As stated above, you may consider updating to Server 2008 which is much more secure than the older Server 2003, just as Windows 7 has been redesigned to address many of the security issues of Window XP. This is just the natural course of evolution from operating systems and technology.

But finally, if this is a Server 2003 environment and I assume something is utilizing this system specifically as a server since it is a server OS, then don't use it for web browsing! In fact, don't use it period to do anything but the necessary server tasks. No one should be checking their email or logging into their facebook on a production server system, it's completely contradictory to the purpose of your server host and workstation client environment. Use a separate non-server computer to access any websites.
July 8, 2012 10:25:03 PM

why were you surfing the web on a critical server? or allowing anyone to do so? what kind of systems admin are you? the main rules for an important server:

NO ACCESS TO THE SYSTEM (PASSWORD PROTECTED BIOS+USER ACCOUNT)
DONT SURF THE WEB ON THE SYSTEM
NO PHYSICAL ACCESS TO THE SYSTEM
DO NOT USE THE SYSTEM FOR DAY TO DAY TASKS (ITS THERE TO SERVE)

NT5 is dead (XP/2K/2K3) time to move on, and you probably have to do a fresh install now and re-setup everything.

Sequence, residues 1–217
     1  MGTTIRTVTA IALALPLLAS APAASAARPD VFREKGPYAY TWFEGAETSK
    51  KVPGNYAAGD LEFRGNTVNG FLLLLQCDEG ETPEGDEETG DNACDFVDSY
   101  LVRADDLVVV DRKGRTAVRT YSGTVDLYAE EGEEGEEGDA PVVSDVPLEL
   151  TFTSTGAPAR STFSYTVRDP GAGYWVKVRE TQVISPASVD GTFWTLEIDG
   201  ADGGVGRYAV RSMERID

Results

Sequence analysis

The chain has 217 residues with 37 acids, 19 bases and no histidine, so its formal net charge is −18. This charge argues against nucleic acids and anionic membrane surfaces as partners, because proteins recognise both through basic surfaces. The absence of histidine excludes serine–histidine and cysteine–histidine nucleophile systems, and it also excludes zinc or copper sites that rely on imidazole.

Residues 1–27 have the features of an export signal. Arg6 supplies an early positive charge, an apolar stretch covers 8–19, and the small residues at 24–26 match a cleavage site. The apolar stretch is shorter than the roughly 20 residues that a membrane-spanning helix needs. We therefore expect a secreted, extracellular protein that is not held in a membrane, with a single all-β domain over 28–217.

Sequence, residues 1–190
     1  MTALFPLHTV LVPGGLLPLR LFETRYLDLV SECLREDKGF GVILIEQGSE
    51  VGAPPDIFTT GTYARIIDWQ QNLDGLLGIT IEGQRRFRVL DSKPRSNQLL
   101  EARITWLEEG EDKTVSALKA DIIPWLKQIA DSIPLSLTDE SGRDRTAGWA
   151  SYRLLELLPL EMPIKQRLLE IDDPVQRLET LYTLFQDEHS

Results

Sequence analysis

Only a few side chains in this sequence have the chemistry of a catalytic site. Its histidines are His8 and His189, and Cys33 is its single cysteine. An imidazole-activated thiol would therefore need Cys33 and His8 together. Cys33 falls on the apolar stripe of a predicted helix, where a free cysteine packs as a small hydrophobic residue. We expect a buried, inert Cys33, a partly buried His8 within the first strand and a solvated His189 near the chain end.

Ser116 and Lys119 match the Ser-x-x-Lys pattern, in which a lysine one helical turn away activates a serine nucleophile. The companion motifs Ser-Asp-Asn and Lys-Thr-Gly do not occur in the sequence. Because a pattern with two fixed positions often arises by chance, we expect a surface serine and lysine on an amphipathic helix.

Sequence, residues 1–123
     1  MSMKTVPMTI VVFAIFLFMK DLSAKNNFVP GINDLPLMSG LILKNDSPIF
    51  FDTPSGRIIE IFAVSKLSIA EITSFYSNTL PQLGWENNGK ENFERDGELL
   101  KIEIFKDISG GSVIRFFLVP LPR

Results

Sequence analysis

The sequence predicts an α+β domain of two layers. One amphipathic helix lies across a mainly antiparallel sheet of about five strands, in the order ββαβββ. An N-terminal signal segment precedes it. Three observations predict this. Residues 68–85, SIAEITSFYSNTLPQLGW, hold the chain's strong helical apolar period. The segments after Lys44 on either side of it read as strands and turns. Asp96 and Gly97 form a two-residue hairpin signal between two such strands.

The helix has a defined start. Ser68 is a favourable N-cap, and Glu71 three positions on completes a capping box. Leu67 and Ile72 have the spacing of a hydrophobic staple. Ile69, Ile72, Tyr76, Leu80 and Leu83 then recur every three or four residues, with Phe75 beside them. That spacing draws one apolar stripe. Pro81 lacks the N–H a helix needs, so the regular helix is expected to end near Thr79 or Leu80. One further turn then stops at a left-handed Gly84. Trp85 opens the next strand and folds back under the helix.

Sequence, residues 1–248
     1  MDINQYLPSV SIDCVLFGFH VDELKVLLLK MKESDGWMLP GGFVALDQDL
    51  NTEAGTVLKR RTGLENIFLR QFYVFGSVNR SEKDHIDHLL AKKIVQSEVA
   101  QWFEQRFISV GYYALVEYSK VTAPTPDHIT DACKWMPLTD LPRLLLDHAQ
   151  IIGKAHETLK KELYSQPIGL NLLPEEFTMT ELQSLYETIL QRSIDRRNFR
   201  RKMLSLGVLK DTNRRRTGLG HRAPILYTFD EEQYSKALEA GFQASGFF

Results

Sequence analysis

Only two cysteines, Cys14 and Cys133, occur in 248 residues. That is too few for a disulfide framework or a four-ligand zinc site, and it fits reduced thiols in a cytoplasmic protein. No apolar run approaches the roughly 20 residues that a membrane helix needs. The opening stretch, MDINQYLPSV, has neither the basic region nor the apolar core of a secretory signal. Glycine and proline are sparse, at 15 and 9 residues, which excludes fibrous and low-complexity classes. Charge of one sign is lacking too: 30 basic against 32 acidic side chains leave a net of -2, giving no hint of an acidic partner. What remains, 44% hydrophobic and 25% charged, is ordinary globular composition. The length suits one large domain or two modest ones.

August 25, 2012 9:41:01 PM

Security Shield can get you from a source you don't even expect. Like someone mentioned above, it can even load itself from ads, or infected servers. Nice article about this at http://securityshieldremoval.com . I hope they work out a solution to this malware soon enough, its insane how they can't stop it for years now...
a b 8 Security
August 26, 2012 12:28:43 AM

apache_lives said:
why were you surfing the web on a critical server? or allowing anyone to do so? what kind of systems admin are you? the main rules for an important server:

NO ACCESS TO THE SYSTEM (PASSWORD PROTECTED BIOS+USER ACCOUNT)
DONT SURF THE WEB ON THE SYSTEM
NO PHYSICAL ACCESS TO THE SYSTEM
DO NOT USE THE SYSTEM FOR DAY TO DAY TASKS (ITS THERE TO SERVE)

NT5 is dead (XP/2K/2K3) time to move on, and you probably have to do a fresh install now and re-setup everything.


I'm a particular fan of systems that have a built in "remote server" mode. This disables physical access to the server, forces all of it to be done over IP through the management interface.
August 26, 2012 12:39:45 AM

Pinhedd said:
I'm a particular fan of systems that have a built in "remote server" mode. This disables physical access to the server, forces all of it to be done over IP through the management interface.


I have never heard of suck thing before, but I will look it up on google, it may be useful in the future :)  I learn something new every day...
a b 8 Security
August 26, 2012 10:10:54 AM

Gintoki said:
I have never heard of suck thing before, but I will look it up on google, it may be useful in the future :)  I learn something new every day...


It has to be supported in the firmware and it will only be found on enterprise hardware that has built-in management interfaces. I know that HP has it in their ProLiant servers
!